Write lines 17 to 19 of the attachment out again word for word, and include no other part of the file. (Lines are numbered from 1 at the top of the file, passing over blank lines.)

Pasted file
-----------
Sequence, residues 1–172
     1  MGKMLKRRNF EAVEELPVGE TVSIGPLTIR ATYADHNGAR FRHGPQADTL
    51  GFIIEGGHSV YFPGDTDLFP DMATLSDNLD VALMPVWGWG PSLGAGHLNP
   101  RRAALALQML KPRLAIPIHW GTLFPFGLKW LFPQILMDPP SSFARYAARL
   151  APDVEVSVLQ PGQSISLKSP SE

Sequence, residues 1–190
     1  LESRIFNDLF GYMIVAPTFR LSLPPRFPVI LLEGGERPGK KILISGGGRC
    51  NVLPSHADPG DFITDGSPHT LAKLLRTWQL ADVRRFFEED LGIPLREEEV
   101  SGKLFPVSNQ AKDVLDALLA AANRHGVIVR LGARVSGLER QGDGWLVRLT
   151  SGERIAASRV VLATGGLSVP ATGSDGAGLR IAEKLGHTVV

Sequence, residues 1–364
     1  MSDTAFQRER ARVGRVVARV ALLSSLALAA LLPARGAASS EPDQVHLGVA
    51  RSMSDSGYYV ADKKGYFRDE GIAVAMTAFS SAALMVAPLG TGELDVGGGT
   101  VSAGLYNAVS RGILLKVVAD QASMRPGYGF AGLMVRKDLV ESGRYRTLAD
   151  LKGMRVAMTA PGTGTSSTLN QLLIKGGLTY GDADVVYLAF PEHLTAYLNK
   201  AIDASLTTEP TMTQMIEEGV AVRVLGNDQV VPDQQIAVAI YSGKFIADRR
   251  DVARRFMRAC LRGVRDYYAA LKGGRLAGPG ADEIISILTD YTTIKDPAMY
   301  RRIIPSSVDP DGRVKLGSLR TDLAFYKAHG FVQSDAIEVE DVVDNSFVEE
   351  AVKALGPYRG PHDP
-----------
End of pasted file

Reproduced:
   251  DVARRFMRAC LRGVRDYYAA LKGGRLAGPG ADEIISILTD YTTIKDPAMY
   301  RRIIPSSVDP DGRVKLGSLR TDLAFYKAHG FVQSDAIEVE DVVDNSFVEE
   351  AVKALGPYRG PHDP